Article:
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Why Investors Shouldn't Panic About Apple's Smartwatch Share Loss

Ashraf Eassa, The Motley Fool

One product line that has proven to be a runaway success for Apple (NASDAQ: AAPL) is the Apple Watch. Many competitors had launched multiple smartwatch generations before Apple debuted its first, but it still managed to grow the total addressable market (TAM) and, along the way, become the dominant smartwatch maker by unit shipments and revenue.

According to a press release from Strategy Analytics, Apple shipped 22.5 million smartwatches in 2018, up 27.1% from the year prior. However, Strategy Analytics' data also shows that Apple's share of the overall smartwatch market dropped to 50% in 2018 from 60% in 2017.

A person skiing while wearing an Apple Watch.

This Apple Watch wearer is going downhill, but Apple's smartwatch business isn't in a slide. Image source: Apple.

Should investors worry that Apple is losing its grip on this market? Here's why I don't think so. 

A significant distortion

According to Strategy Analytics, Apple's share loss came as Fitbit (NYSE: FIT) expanded its share from 1.7% in 2017 to 12.2% in 2018. Samsung (NASDAQOTH: SSNLF) saw its smartwatch share rise to 11.8% from 10.6% in the prior year. Strategy Analytics' data shows that all other smartwatch makers, in aggregate, saw their unit shares drop somewhat. 

Now, based on these numbers alone, you might ask, "Is Fitbit crushing Apple in the smartwatch market?" 

The answer to that is, "No, not really."

For its fiscal year 2018 -- which ended on Dec. 31, 2018 -- Fitbit reported revenue of $1.51 billion, which was down significantly from $1.62 billion in the prior year. The company lost money ($185.8 million, to be precise) and saw an overall reduction in unit shipments from 15.3 million to 13.9 million. 

What's happening here is simple: Sales of the company's fitness trackers -- devices that are less functional and cheaper than typical smartwatches -- have been on the decline, and that shipment decline has been partly offset by sales of the company's own smartwatch products. Indeed, the company said that in 2018, 44% of its revenue came from smartwatches, up from just 8% in the prior year. 

So, since Fitbit is essentially replacing lost sales of fitness trackers (which don't count as smartwatches for Strategy Analytics' purposes) with its smartwatches, Fitbit has seen its share of the smartwatch market soar. The company's share of the wearables market, on the other hand, is likely down, considering that its total device shipments were down year over year.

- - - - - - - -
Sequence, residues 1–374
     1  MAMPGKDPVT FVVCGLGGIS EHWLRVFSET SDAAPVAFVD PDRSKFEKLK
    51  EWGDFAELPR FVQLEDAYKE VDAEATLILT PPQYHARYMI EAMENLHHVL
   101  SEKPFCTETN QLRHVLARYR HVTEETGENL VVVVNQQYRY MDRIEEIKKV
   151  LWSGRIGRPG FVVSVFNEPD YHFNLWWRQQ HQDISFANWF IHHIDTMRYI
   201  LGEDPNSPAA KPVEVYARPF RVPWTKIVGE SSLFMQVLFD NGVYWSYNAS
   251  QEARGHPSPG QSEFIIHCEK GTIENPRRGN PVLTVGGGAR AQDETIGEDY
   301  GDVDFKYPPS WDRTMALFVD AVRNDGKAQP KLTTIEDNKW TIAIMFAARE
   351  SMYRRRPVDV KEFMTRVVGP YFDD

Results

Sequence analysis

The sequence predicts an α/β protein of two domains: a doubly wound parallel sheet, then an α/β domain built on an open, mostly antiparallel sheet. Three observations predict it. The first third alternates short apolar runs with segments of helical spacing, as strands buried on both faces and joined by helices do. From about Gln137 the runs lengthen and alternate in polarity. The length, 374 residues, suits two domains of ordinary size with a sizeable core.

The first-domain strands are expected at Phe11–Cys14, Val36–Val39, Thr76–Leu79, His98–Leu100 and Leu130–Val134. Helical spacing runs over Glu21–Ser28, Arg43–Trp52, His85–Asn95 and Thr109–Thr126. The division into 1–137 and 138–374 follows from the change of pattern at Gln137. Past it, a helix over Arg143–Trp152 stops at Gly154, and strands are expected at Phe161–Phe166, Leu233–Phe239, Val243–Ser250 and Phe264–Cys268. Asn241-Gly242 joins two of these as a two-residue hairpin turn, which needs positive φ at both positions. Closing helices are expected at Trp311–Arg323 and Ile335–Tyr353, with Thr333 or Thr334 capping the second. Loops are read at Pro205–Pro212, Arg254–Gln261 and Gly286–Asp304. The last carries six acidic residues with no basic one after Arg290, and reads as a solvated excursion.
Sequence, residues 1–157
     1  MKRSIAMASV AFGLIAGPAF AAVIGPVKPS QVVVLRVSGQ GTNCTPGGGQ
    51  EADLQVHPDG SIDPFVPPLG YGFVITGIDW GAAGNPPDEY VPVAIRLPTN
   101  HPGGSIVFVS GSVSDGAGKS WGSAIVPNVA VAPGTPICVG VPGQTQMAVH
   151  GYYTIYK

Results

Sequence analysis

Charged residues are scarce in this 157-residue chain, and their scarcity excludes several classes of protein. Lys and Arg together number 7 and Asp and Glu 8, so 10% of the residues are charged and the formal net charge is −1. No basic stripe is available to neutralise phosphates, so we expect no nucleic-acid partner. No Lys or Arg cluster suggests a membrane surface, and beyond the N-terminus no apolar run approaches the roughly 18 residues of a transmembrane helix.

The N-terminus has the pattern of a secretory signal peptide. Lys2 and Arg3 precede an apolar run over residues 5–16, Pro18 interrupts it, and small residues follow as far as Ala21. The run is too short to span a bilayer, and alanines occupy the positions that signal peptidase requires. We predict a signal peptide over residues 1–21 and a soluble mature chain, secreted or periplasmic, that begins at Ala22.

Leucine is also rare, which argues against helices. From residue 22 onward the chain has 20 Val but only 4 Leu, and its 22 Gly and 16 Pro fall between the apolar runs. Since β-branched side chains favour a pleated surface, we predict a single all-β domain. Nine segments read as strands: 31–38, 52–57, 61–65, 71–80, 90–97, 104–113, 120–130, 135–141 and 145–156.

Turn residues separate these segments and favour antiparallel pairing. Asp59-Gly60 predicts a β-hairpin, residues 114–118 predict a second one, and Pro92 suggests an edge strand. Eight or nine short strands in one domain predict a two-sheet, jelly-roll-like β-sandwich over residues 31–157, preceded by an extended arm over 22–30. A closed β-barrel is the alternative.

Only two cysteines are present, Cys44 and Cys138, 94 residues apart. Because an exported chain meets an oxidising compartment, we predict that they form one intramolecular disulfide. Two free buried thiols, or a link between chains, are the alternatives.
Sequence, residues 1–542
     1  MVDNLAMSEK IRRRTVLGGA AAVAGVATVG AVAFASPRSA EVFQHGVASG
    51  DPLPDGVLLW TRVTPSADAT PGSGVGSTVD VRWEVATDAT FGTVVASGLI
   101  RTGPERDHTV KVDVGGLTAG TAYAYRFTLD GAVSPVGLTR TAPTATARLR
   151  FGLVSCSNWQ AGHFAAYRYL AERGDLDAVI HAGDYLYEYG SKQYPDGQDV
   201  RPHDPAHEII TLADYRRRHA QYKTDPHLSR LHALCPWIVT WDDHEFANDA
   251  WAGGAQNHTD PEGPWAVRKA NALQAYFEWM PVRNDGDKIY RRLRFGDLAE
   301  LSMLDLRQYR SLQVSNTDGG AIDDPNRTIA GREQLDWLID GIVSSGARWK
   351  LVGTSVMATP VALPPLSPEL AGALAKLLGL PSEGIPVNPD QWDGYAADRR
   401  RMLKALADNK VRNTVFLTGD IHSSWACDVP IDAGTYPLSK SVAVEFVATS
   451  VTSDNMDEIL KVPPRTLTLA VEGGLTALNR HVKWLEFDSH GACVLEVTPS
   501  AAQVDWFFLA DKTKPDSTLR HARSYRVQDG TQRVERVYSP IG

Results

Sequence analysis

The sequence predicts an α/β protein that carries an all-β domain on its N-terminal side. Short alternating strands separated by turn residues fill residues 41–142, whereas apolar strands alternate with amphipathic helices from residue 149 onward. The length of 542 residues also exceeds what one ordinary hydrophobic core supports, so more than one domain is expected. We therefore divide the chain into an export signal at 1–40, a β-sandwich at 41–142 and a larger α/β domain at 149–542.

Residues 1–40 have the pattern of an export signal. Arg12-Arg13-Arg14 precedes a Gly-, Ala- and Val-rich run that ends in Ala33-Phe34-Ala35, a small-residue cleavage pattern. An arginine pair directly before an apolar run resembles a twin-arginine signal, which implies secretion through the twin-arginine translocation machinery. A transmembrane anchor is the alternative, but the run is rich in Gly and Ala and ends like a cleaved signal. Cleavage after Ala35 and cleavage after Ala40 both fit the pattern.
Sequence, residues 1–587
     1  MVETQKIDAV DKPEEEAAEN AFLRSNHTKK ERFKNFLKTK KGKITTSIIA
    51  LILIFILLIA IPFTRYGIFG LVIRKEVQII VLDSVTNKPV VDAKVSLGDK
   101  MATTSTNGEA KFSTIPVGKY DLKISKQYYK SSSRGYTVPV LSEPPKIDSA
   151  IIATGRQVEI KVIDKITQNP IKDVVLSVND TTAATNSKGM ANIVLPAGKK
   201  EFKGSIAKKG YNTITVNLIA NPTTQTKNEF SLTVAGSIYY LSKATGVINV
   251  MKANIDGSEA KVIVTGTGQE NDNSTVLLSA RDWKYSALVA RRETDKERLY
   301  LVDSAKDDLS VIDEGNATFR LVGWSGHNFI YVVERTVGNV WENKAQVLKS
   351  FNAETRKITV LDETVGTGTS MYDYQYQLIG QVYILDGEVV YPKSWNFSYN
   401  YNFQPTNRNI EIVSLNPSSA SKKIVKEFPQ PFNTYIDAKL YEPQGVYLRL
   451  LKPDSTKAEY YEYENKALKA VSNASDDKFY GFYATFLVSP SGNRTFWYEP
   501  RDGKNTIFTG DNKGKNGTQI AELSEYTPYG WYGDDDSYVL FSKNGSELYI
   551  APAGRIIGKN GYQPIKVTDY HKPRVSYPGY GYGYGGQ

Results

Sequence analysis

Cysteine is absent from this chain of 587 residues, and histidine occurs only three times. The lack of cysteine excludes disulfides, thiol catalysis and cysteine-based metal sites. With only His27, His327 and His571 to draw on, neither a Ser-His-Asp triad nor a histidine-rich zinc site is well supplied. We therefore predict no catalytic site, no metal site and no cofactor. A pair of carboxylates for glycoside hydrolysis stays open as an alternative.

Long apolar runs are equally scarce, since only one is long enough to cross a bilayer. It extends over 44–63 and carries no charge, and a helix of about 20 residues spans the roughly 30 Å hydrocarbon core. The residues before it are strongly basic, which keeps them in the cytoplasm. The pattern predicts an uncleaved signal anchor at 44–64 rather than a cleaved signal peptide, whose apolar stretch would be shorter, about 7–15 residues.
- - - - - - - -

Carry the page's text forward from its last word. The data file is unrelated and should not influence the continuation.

Is Fitbit even competing with Apple?

If you go to Fitbit's website, you'll see that the company's cheapest Fitbit, the Versa, sells for $199.95; the more expensive Ionic sells for $269.95.

Apple's cheapest Apple Watch, a GPS-only Apple Watch Series 3, starts at $279.99. Apple offers newer Apple Watch variants with features like premium stainless steel casings and cellular connectivity for up to $849. 

Apple also sells bands for its watches for as much as $149, something that undoubtedly helps boost the company's overall watch-related revenue. 

The reality is that it doesn't look like Fitbit is actually denting Apple's watch business. Indeed, as Strategy Analytics' data shows, the Apple Watch continues to enjoy strong growth in unit shipments even in an increasingly competitive market. And, frankly, the large decline in Apple's smartwatch share seems more a function of the significant increase in the TAM as a result of Fitbit shifting its product mix from fitness trackers to smartwatches, rather than some fundamental disruption of Apple's business. 

It's also telling that while Fitbit's total revenue in 2018 was just $1.51 billion, Apple CFO Luca Maestri said on the company's most recent earnings call that Apple's wearables business is "approaching the size of a Fortune 200 company." (Put another way, that means it's getting close to generating $14.6 billion in annual revenue.)

Not all of that revenue comes from the Apple Watch (wearables also include the company's AirPods line of wireless earbuds as well as its Beats family of headphones), but I'd be willing to bet that Apple's smartwatch revenue share relative to Fitbit is far greater than its unit share. 

So, relax, Apple shareholders: Apple's smartwatch business is still doing phenomenally, and the apparently large drop in unit share isn't actually cause for alarm or, frankly, even concern.

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Ashraf Eassa has no position in any of the stocks mentioned. The Motley Fool owns shares of and recommends Apple and Fitbit. The Motley Fool has the following options: long January 2020 $150 calls on Apple and short January 2020 $155 calls on Apple. The Motley Fool has a disclosure policy.